A Star Is Born appears in an aspect ratio of approximately 1.85:1 on this single-sided, double-layered DVD; the image has been enhanced for 16X9 televisions. Star provided a consistently good visual experience.
Sharpness looked pretty solid. A little softness affected some close-ups, a fact I’d guess came from “glamour” photographic techniques. Those created minor concerns, as overall, the movie was concise and accurate. Jagged edges and moiré effects created no concerns, and I also detected no signs of edge enhancement. Despite the age of the movie, it seemed surprisingly free of defects. A little natural grain appeared, and a smattering of specks manifested themselves, but these weren’t a serious issue.
Colors stood out as positive. Within the production design, the hues came across as rich and distinct. I noticed no issues related to bleeding, noise, or other concerns, as the tones were lively and dynamic. Black levels were deep and rich, while shadow detail looked clean and clear. The image wasn’t flawless, but it looked quite good.
As for the Dolby Digital 5.1 soundtrack of A Star Is Born, it presented a distinct series of highs and lows. On the positive side, much of the music sounded absolutely great. The tunes boasted good stereo imaging, and they often showed solid dynamics. Though a few of the numbers were a little lackluster, most demonstrated quite fine clarity and range. The music acted as the clear highlight of the mix.
As for the negatives, I’d focus on everything else. Speech tended to be dinky and distant. I often found it tough to hear what the actors said and found the quality of the lines to seem thin at best.
Effects fell into the same lines, as those elements were wan and without much definition. Since they played a small role in the proceedings, that wasn’t as much of an issue as the poor speech, though. Effects usually stayed focused on the front center, though some elements like crowd noise spread to the rear.
Other than the music, this wasn’t an ambitious mix. And other than the music, this wasn’t a good mix. The high-quality tunes earned a “B+” but the rest fell into “D+” range, so I ended up with an overall “C+”.
A mix of extras fills out the set. The prime attraction comes from an audio commentary with actor/producer Barbra Streisand. She offers a running, screen-specific discussion. Streisand covers how she got into the project and her role behind the scenes, casting and the other actors, music and performances, cinematography, editing and costumes.
Quite a few good notes emerge here. We learn how Elvis almost played the John Norman Howard role, and her insights about her hatred of lip-synching are nice. However, a few flaws mar the program. The main issue stems from the many long gaps that appear. There’s lots of dead air on display, and that makes the track tough to take at times.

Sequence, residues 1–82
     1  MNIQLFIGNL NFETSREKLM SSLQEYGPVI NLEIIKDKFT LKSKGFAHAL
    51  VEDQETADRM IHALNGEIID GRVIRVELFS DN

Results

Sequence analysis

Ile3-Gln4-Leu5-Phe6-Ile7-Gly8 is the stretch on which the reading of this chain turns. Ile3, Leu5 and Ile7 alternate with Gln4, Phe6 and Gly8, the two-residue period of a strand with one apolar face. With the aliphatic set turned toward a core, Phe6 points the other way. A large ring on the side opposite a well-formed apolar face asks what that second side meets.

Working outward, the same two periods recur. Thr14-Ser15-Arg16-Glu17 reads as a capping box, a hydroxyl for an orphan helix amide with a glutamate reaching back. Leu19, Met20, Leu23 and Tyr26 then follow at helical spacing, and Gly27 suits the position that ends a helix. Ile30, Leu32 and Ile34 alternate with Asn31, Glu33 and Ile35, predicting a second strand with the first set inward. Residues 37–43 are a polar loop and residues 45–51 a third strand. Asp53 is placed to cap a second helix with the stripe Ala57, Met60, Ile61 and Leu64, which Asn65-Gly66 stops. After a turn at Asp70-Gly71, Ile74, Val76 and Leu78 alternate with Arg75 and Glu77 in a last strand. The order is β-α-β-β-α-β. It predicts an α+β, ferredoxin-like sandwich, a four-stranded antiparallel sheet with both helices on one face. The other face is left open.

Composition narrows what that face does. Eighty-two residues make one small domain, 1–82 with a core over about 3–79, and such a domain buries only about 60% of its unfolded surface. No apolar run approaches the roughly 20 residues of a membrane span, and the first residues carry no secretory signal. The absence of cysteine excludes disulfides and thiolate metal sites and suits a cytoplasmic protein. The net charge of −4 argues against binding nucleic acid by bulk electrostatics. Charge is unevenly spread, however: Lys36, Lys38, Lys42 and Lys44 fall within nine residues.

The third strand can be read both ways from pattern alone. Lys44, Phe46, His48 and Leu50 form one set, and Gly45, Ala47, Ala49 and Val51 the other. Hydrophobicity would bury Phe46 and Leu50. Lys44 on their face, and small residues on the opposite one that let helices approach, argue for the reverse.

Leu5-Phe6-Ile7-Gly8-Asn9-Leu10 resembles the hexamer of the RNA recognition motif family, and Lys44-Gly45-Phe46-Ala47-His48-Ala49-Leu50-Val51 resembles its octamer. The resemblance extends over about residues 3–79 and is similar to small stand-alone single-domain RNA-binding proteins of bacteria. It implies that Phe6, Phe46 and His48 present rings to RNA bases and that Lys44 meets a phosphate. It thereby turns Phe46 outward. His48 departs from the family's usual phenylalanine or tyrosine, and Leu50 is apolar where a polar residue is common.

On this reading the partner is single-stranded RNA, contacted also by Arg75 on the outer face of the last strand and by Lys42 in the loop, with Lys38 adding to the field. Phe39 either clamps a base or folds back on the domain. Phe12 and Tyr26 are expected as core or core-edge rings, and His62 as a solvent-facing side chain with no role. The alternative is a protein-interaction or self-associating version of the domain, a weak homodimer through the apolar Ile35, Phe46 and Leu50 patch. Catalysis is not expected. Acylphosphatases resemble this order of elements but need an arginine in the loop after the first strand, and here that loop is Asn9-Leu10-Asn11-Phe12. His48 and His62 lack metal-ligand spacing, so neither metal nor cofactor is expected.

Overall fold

In addition, Streisand devotes much of the discussion to the Woes of Fame. She often notes how difficult it is to be a star, and she really sounds whiny. I understand her complaints but geez, she’s been a major star for four decades, and I’d think she’d be over all these issues by now. I can’t imagine hearing McCartney or Jagger gripe like this. Streisand manages to provide some nice notes, but the mix of drawbacks makes this an erratic commentary.
We hear more from Babs during three minutes and six seconds of Wardrobe Tests. Streisand narrates the otherwise silent footage and gives us some notes on what we see. The footage is moderately interesting as it shows ideas for outfits, and Streisand’s remarks add a few useful bits of info.
12 Deleted Scenes run a total of 16 minutes and 12 seconds. Most of these pad out the John/Esther relationship, and virtually all of them seem redundant. We get the needed information in the final film, so none of this material would have contributed to matters. One annoyance: the DVD doesn’t present them in a logical order, so we don’t see them as they would have come in the movie.
You will find unintentional comedy, though. We get alternate angles of the movie’s concluding musical performance. Streisand’s insanely emotive rendition of the tune is bad enough via the straight on take in the flick, but here we see her go fully epileptic. The horror! The horror!
We can watch these with or without commentary from Streisand. She offers a few general notes about the clips and usually tells us why they got cut. Nothing essential appears, but the remarks fill out matters acceptably well.
Finally, the disc presents three trailers. We discover promos for the 1937, 1954 and 1976 versions of Star.
Back in the Seventies, many regarded the 1976 A Star Is Born as a misfire, and nothing has changed perceptions over the last 30 years. Tedious, boring and bloated, the flick exists as a love letter to its star and nothing more. The DVD presents pretty solid picture and erratic audio as well as a few interesting extras. Leave this clunker for die-hard Streisand fans. If you don’t love her already, you won’t find any reason to dig her here.